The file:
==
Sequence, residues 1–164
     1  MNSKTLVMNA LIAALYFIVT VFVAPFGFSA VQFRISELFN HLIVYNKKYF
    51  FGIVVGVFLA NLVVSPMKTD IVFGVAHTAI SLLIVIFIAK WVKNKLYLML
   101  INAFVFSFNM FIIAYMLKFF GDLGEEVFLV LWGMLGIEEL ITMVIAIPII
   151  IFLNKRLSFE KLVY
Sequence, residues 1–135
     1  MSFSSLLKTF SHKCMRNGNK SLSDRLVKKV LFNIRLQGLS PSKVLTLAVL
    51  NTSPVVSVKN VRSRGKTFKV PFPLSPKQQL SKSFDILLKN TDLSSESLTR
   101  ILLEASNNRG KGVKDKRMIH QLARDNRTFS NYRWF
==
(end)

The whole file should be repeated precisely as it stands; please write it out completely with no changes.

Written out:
Sequence, residues 1–164
     1  MNSKTLVMNA LIAALYFIVT VFVAPFGFSA VQFRISELFN HLIVYNKKYF
    51  FGIVVGVFLA NLVVSPMKTD IVFGVAHTAI SLLIVIFIAK WVKNKLYLML
   101  INAFVFSFNM FIIAYMLKFF GDLGEEVFLV LWGMLGIEEL ITMVIAIPII
   151  IFLNKRLSFE KLVY
Sequence, residues 1–135
     1  MSFSSLLKTF SHKCMRNGNK SLSDRLVKKV LFNIRLQGLS PSKVLTLAVL
    51  NTSPVVSVKN VRSRGKTFKV PFPLSPKQQL SKSFDILLKN TDLSSESLTR
   101  ILLEASNNRG KGVKDKRMIH QLARDNRTFS NYRWF